Acute myocardial infarction mouse model

Eight-week old male C57BL/6 mice were purchased from Nanjing University (Nanjing, China), and maintained in a temperature-controlled room on a 12 h/12 h light/dark cycle. All procedures with animals were in accordance with guidelines on the use and care of laboratory animals for biomedical research published by National Institutes of Health (No. 85-23, revised 1996). The permanent ligation of left anterior descending coronary artery (LAD) was performed to induce acute myocardial injury (AMI) as previously described [27]. In brief, mice were anesthetized with ketamine and sevoflurane. The left anterior descending coronary artery was ligated about 2 mm under the left auricle using 7-0 silk sutures. Twenty-four hours after ligation, mice were sacrificed and heart tissues were collected for further analysis.

Statistical analysis

All data were expressed as mean ± SEM. The statistical significance was assessed using one-way ANOVA for multiple-group comparisons followed by Bonferroni's post hoc test. Differences between groups were analyzed using unpaired, two-tailed Student's t test. A value of p<0.05 was considered statistically significant.

QL reverses phenylephrine-induced cardiomyocyte hypertrophy

To investigate whether QL attenuates cardiac hypertrophy in vitro, we induced the hypertrophy of primary cardiomyocytes by PE (50 µmol/L, 48 h), in the presence or absence of pretreatment with QL (0.5 µg/ml, 48 h). As one of the most potent hypertrophic stimuli known, PE induced obvious enlargement of cardiomyocytes as measured by cell surface labelled with α-actinin (Fig. 1A). Meanwhile, the expressions of hypertrophic markers, including ANP, BNP, and MYH7, were consistently increased after treatment with PE (Fig. 1B). The protein synthesis of cardiomyocytes, as determined by the protein/DNA ratio, was also elevated by treatment with PE (Fig. 1C). Interestingly, PE-induced cardiomyocyte enlargement and the increase in hypertrophic markers (ANP, BNP, and MYH7) and protein/DNA ratio, were markedly reversed by treatment with QL (Fig. 2A-C), indicating that QL was protective against PE-induced cardiac hypertrophy.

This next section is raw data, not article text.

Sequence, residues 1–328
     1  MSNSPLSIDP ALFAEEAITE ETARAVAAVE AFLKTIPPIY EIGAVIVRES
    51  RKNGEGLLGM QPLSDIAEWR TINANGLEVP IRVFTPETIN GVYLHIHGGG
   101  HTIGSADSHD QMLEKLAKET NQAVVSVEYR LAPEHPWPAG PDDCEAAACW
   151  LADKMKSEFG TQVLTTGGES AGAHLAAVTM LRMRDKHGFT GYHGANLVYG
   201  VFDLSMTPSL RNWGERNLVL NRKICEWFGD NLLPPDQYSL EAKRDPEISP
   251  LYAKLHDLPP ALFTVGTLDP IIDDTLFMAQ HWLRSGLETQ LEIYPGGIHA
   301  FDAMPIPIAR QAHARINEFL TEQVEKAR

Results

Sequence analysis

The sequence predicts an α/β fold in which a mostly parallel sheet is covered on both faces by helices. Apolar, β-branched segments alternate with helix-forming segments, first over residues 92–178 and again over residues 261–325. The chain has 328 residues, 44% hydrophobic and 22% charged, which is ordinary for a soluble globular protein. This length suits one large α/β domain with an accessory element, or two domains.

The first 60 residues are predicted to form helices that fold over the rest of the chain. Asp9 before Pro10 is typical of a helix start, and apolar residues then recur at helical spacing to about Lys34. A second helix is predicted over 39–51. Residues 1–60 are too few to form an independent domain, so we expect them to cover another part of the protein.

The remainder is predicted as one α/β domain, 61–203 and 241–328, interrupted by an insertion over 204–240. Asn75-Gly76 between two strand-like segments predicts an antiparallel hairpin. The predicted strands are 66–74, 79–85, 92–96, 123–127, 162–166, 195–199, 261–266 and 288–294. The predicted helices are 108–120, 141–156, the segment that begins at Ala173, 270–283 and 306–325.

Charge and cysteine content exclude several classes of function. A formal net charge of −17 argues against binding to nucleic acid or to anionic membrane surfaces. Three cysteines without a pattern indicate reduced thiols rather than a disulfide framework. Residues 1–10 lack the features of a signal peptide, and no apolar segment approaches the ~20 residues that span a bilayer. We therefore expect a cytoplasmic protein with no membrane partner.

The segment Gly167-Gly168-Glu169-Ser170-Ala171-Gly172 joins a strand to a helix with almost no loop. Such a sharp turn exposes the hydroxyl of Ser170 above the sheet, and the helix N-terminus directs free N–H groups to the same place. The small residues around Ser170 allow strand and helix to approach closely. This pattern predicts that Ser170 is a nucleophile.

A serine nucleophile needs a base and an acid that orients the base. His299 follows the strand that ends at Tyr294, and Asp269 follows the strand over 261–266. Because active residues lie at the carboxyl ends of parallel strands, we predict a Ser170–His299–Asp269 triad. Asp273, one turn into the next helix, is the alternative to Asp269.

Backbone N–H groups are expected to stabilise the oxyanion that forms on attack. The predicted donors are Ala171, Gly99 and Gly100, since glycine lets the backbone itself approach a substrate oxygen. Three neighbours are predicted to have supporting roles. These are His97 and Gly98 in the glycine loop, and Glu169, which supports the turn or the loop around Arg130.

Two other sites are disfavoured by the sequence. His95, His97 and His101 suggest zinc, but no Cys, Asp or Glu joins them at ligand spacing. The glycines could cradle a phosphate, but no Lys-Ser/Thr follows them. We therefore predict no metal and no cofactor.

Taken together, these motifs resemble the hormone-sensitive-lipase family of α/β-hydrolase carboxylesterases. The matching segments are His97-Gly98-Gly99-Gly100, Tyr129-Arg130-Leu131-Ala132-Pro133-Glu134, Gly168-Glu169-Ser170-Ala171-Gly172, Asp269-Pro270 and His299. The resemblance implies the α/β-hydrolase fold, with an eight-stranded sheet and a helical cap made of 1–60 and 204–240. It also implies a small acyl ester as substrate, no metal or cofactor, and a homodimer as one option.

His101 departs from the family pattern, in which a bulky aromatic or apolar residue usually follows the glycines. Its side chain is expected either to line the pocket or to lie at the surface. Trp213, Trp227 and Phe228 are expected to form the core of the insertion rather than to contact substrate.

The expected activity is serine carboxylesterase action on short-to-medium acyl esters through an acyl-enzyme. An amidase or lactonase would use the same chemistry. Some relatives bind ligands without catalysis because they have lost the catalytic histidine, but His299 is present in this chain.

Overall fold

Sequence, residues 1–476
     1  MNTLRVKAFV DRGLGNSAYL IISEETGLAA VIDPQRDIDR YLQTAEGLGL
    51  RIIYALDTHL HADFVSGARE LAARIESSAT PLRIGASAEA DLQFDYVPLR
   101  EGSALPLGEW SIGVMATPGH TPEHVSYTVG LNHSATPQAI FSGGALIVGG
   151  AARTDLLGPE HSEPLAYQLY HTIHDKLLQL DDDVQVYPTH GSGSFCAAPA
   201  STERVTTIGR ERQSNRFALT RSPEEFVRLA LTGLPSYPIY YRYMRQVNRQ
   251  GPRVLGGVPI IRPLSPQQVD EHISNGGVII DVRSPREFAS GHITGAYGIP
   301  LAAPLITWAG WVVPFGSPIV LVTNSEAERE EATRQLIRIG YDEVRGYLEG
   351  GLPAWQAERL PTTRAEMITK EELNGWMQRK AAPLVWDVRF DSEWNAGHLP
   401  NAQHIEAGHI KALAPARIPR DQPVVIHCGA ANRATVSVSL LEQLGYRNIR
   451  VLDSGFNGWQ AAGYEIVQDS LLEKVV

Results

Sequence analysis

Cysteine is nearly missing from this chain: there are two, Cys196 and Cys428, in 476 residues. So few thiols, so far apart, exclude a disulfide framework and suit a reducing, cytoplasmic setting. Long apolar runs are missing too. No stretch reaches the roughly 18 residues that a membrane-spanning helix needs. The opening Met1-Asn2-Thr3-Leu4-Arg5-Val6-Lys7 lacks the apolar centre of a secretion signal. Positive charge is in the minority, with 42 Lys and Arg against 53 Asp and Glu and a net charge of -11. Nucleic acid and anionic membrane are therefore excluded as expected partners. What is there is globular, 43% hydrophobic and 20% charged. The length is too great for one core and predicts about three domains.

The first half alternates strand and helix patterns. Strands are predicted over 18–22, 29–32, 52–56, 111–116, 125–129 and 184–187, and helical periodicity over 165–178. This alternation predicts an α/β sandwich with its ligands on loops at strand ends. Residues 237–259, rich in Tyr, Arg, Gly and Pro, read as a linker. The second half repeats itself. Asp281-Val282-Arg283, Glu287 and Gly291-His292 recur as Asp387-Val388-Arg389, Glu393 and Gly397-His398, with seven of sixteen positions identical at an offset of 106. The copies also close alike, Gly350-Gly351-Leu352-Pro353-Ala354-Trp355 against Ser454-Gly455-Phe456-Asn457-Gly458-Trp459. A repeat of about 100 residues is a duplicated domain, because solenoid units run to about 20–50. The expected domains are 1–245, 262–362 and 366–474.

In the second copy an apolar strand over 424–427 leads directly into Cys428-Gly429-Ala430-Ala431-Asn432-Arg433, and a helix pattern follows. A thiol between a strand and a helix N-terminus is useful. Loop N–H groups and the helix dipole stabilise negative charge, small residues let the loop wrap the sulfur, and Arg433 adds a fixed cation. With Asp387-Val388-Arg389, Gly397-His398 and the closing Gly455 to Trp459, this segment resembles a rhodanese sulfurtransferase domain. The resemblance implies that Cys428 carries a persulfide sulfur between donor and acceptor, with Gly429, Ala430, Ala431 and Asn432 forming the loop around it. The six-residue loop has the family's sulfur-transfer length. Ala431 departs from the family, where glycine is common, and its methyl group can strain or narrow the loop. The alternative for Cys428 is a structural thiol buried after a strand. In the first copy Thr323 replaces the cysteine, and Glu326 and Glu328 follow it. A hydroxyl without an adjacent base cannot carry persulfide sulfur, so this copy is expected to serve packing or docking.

MiR-199a-5p is increased during cardiac hypertrophy, while reduced by treatment with QL

Previous studies reported that miR-199a-5p was upregulated during cardiac hypertrophy in hypertensive experimental models [23,24,25,26]. In addition to hypertensive stimulus, cardiac hypertrophy can also be induced by other forms of stress such as ischemic heart disease [23,24,25,26]. Thus, we continued to investigate whether miR-199a-5p could be modified in these pathological conditions. First, we investigated the expression of miR-199a-5p in AMI experimental model treated with QL that we have previously reported [12]. Interestingly, miR-199a-5p was markedly increased in the hearts suffered from AMI adverse remodeling, while the induced expression of miR-199a-5p was efficiently reversed by treatment with QL (Fig. 3A). After that, we sought to investigate whether miR-199a-5p was modulated in PE-induced cardiomyocyte hypertrophy in vitro. Similarly, miR-199a-5p was upregulated in PE-treated cardiomyocytes, which was however reversed by treatment with QL (Fig. 3B). These data provide evidence that miR-199a-5p is significantly upregulated in cardiac hypertrophy in response to different stimuli in vivo and in vitro. Moreover, the protective effect of QL against cardiac hypertrophy is accompanied by an inhibition of miR-199a-5p.

MiR-199a-5p suppression is essential for the protective effect of QL against cardiomyocyte hypertrophy

To further examine whether the protective effect of QL on hypertrophic cardiomyocytes was related to the inhibition of miR-199a-5p, we first treated the primary cardiomyocytes with QL for 48 h, and then transfected the cells with miR-199a-5p mimics or miRNA negative control (NC mimics) for 8 h before PE induction. Our data showed that miR-199a-5p mimics could efficiently abolish the protective effect of QL against cardiomyocyte enlargement (Fig. 4A), with increased expressions of hypertrophic markers (ANP, BNP, and MYH7) and elevated protein/DNA ratio, as compared with QL-treated hypertrophic cardiomyocytes transfected with NC mimics (Fig. 4B and 4C). These data clearly indicate that the inhibition of miR-199a-5p is necessary for the protective effect of QL on hypertrophic cardiomyocytes.